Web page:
Israel reports first monkeypox case in Middle East as WHO predicts more

The virus formerly contained within parts of Africa is being detected in people with no known link to the continent

About a dozen countries with no known history of monkeypox have reported cases of the virus. Reuters
Beta V.1.0 - Powered by automated translation

Israel has reported the Middle East’s first case of monkeypox after a spate of infections in Europe that the World Health Organisation says is likely to grow.

Israel’s Health Ministry said on Saturday that the virus was detected in a man who had returned from abroad.

He was admitted to hospital in Tel Aviv in a stable condition and medical teams are looking into other suspected cases.

The UAE, Jordan and Saudi Arabia have increased monitoring for monkeypox.

It is spread by close contact, so it can be contained fairly easily through such measures as self-isolation and good hygiene.

The WHO said on Saturday that 92 confirmed cases and 28 suspected cases of monkeypox had been reported from 12 member states that are not endemic for the virus.

It said it would provide more guidance on how to mitigate its spread.

“Available information suggests that human-to-human transmission is occurring among people in close physical contact with cases who are symptomatic,” the UN agency said.

Monkeypox is endemic in parts of west and central Africa, and cases had previously been seen only among people with links to those areas. But this year, Britain, Spain, Portugal, Italy, the US, Sweden and Canada have reported infections.

Most were in young men who had not previously travelled to Africa. France, Germany, Belgium, the Netherlands and Austria have also identified cases.

The smallpox-related disease causes fever, body aches, chills and fatigue in most patients. People with severe cases can develop a rash and lesions on the face, hands and other parts of the body.

“What seems to be happening now is that it has got into the population as a sexual form, as a genital form, and is being spread as are sexually transmitted infections, which has amplified its transmission around the world,” WHO official David Heymann, an infectious disease specialist, told Reuters.

Health officials in Britain, which reported 20 cases on Friday, said it was seeing new infections daily and that community transmission was now the norm.

“We are finding cases that have no identified contact with an individual from West Africa, which is what we’ve seen previously in this country,” said Dr Susan Hopkins, chief medical adviser at the UK Health Security Agency.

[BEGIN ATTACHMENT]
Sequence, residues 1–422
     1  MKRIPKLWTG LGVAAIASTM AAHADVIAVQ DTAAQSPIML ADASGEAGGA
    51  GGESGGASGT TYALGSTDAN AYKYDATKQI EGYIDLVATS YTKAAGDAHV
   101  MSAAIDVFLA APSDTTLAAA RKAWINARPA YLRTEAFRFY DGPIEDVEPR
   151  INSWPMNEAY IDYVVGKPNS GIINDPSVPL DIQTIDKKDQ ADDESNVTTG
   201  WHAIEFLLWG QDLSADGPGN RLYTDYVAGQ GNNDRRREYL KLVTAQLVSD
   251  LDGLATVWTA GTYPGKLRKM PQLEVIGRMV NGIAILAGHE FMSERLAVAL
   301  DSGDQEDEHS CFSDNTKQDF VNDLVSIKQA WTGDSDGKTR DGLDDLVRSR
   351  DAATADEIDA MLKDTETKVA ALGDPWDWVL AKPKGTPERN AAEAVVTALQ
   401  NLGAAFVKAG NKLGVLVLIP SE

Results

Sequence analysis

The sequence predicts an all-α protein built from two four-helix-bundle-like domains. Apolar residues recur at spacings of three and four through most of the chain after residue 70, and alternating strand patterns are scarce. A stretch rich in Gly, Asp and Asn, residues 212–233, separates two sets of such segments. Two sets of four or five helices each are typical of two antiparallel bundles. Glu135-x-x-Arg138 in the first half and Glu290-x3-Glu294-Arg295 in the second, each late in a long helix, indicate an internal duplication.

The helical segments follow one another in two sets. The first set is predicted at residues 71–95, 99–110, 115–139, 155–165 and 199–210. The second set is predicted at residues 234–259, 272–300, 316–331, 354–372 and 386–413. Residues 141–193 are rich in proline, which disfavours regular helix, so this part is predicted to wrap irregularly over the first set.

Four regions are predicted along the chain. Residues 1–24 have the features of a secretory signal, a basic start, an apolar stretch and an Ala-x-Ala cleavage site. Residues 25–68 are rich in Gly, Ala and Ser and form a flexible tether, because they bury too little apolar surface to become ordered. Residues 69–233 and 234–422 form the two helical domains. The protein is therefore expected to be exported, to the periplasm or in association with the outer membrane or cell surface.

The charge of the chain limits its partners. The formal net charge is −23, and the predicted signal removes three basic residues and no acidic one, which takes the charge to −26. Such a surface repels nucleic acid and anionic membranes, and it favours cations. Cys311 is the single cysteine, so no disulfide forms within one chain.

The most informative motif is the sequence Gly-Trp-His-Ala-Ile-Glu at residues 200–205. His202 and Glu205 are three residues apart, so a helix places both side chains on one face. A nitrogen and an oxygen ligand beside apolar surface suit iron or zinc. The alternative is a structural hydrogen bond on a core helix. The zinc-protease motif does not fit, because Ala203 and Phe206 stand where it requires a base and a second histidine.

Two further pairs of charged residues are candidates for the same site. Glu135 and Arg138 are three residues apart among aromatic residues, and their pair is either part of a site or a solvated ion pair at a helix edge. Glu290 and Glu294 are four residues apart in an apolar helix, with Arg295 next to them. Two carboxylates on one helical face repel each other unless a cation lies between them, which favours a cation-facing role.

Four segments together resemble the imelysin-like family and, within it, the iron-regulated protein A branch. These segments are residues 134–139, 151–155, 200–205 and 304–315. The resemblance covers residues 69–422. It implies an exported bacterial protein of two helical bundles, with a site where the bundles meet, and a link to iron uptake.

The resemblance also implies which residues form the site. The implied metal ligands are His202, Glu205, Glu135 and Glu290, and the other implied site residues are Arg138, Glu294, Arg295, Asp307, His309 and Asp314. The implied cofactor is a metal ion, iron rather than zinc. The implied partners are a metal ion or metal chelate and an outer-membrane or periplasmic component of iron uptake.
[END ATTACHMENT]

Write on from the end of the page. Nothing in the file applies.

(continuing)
More than 100 suspected cases of monkeypox have been reported in Europe in the past week, with German officials describing the outbreak as the largest ever in the region.

Austria confirmed its first case on Sunday, and health officials in the Netherlands said they found “several patients” with monkeypox on Saturday, a day after reporting the country’s first infection.

None of the recent cases have caused death. WHO estimates the disease is fatal for up to one in 10 people, but smallpox vaccines offer protection and some antiviral drugs are being developed.

Experts in Africa say the pattern of transmission is unlike anything they have seen.

“I’m stunned by this. Every day I wake up and there are more countries infected,” said Oyewale Tomori, a virologist who formerly led the Nigerian Academy of Science and who sits on several WHO advisory boards.

“This is not the kind of spread we’ve seen in West Africa, so there may be something new happening in the West,” he told Associated Press.

Shabir Mahdi, a professor of vaccinology at the University of Witwatersrand in Johannesburg, said a detailed investigation of the outbreak in Europe, including determining who the first patients were, was now critical.

“We need to really understand how this first started and why the virus is now gaining traction,” he said. “In Africa, there have been very controlled and infrequent outbreaks of monkeypox. If that’s now changing, we really need to understand why.”

Dr Heymann, the WHO official, said it was “biologically plausible” the virus had been circulating outside the countries where it is endemic but Covid-19 lockdowns, social distancing and travel restrictions had curbed its spread.

Updated: May 23, 2022, 6:23 AM